Standard & Poor’s lowered its credit ratings for Chevron (NYSE:CVX), Hess (NYSE:HES) and eight other oil and natural gas companies, citing prolonged weakness in commodity prices.
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Oil has slipped more than 70% since its high of $108 a barrel in 2014. U.S. crude traded $1.74 a barrel lower on Tuesday, a 5.5% decline to $29.88 a barrel. The plunge, fueled by concerns over large oil supplies, has created challenges for domestic exploration and production firms.
According to S&P, investment-grade energy companies have been largely immune to downgrades, even as oil declined. But several major oil companies were downgraded in S&P’s latest credit review following recent revisions to its price outlook. Exxon Mobil (NYSE:XOM) is facing a possible downgrade as well.
“We expect that many of these companies will continue to lower capital spending and focus on efficiencies and drilling core properties. However, these actions, for the most part, are insufficient to stem the meaningful deterioration expected in credit measures over the next few years,” S&P said in a statement.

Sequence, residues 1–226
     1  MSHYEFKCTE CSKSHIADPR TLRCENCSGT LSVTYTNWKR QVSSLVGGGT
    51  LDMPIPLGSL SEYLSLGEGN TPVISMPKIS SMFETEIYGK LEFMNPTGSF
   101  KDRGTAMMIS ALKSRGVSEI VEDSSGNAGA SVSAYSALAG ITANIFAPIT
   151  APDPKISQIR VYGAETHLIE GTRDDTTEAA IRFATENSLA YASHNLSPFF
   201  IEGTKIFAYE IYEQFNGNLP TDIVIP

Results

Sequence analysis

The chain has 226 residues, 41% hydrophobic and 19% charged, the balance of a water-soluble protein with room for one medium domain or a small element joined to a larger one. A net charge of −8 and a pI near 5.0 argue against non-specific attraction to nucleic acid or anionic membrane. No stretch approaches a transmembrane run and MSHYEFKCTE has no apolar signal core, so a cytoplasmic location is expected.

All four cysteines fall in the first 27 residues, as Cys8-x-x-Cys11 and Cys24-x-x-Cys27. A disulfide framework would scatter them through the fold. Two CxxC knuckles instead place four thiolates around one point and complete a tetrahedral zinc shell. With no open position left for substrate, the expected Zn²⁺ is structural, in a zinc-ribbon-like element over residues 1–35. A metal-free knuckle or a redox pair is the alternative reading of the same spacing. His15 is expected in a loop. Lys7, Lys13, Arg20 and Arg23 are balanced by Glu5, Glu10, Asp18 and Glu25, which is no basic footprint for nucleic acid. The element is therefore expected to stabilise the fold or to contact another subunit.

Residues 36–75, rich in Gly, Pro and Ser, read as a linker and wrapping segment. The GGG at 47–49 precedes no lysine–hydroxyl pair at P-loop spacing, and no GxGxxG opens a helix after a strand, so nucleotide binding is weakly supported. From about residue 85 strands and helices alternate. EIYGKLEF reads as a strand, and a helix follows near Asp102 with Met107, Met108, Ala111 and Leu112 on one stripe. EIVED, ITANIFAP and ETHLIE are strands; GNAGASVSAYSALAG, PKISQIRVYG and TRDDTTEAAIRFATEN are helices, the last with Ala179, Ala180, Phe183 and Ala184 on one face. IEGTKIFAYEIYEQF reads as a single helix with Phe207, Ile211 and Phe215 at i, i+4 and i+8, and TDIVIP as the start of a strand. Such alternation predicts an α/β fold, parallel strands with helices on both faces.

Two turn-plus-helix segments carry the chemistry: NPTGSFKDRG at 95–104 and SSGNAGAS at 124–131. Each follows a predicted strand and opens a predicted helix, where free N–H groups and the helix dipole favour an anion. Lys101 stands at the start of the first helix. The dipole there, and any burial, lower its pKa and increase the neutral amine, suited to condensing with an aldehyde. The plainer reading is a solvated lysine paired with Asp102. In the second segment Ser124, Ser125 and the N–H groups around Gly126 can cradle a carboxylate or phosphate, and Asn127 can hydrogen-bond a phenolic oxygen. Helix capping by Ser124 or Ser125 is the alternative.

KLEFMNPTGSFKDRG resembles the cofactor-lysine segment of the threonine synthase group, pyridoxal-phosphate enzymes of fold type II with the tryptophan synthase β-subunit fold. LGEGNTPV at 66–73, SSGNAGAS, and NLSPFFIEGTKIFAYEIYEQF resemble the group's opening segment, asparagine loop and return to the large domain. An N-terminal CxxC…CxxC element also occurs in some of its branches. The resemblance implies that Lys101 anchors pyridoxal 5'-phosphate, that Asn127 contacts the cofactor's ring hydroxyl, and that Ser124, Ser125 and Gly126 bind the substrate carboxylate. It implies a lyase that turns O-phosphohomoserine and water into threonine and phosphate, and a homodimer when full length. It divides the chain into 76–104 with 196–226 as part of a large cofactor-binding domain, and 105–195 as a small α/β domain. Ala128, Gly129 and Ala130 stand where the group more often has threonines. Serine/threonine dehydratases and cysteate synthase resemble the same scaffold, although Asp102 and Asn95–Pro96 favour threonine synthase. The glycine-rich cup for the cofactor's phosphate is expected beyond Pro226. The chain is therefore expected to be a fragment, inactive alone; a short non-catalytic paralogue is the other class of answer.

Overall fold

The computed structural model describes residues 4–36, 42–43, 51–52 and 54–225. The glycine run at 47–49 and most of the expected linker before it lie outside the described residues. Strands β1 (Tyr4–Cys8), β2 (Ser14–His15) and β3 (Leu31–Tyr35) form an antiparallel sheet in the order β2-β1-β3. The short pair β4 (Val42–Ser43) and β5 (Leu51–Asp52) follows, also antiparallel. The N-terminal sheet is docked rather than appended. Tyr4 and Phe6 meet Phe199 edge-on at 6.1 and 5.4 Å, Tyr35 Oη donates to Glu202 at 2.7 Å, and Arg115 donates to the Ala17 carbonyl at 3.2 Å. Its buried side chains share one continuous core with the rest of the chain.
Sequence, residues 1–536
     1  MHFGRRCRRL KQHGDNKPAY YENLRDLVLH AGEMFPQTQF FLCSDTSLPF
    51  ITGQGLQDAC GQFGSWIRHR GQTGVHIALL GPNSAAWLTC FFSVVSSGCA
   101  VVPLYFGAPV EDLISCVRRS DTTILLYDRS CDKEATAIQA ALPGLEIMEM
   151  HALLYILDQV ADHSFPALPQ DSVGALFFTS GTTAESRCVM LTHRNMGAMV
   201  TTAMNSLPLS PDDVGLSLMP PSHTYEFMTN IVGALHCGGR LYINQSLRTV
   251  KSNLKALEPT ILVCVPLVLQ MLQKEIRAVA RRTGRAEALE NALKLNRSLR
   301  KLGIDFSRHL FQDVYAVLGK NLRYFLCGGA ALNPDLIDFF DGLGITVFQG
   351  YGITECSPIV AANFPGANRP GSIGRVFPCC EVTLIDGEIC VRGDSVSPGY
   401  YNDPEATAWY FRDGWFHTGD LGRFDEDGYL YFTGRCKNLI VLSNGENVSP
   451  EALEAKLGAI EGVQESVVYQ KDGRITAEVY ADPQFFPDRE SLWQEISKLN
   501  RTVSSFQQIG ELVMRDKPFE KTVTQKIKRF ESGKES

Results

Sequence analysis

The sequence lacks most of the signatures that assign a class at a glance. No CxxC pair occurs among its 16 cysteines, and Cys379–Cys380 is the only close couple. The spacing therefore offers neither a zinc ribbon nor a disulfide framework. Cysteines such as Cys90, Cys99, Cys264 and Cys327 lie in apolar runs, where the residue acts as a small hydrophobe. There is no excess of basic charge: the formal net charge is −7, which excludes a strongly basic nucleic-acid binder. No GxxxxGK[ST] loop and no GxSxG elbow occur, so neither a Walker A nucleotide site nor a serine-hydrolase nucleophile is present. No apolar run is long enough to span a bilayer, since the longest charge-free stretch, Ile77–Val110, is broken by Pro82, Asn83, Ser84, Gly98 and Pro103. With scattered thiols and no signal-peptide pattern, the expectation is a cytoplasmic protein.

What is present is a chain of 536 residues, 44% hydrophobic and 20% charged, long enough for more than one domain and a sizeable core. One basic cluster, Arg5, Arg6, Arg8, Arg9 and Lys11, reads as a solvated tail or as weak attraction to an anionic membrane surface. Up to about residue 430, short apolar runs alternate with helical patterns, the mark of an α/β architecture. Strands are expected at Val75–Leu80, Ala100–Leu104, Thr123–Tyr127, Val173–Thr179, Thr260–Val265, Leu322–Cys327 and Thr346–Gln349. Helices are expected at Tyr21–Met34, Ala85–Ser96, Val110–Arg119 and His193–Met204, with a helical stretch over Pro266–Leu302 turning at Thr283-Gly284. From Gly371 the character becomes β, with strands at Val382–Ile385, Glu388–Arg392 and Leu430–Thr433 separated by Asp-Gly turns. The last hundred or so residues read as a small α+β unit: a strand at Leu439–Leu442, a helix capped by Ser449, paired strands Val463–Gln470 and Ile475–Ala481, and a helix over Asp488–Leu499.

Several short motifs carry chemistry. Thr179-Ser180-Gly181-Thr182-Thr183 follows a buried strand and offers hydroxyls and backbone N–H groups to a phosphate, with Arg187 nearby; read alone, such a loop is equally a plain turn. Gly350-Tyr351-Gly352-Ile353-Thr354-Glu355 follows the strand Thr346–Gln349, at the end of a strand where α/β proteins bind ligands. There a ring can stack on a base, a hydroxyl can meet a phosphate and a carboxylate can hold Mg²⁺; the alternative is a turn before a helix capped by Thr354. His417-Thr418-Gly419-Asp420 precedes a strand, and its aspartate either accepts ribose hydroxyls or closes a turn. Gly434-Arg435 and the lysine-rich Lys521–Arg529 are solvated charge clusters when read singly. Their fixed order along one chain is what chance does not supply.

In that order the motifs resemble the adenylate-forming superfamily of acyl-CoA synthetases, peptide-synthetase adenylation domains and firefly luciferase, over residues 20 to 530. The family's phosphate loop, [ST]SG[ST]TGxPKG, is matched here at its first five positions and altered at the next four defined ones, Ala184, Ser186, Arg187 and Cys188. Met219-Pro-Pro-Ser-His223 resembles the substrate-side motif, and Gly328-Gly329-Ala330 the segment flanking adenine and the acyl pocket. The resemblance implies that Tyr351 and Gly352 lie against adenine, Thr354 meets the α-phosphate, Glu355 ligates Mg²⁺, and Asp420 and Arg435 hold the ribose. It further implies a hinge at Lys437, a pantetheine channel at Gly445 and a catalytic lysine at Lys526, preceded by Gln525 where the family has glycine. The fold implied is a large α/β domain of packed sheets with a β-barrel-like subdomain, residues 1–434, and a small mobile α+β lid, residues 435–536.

Chevron, America’s second-largest oil producer, received an “AA-” rating from S&P with a stable outlook, compared to a prior rating of “AA.” S&P expects Chevron to outspend its cash flow without limiting capital spending or reducing dividends.
Hess, which had a “BBB” credit rating, was knocked down to “BBB-” with a stable outlook. Like Chevron, Hess is expected to outspend its cash flow to fund capital spending and dividends through 2018, S&P said.
S&P also downgraded EOG Resources (NYSE:EOG), Apache (NYSE:APA), Devon Energy (NYSE:DVN), Marathon Oil (NYSE:MRO), Murphy Oil (NYSE:MUR), Continental Resources (NYSE:CLR), Hunt Oil and Southwestern Energy (NYSE:SWN).
Exxon, the top U.S. driller, and ConocoPhillips (NYSE:COP) also could see credit downgrades. S&P placed Exxon and ConocoPhillips on credit watch with negative implications.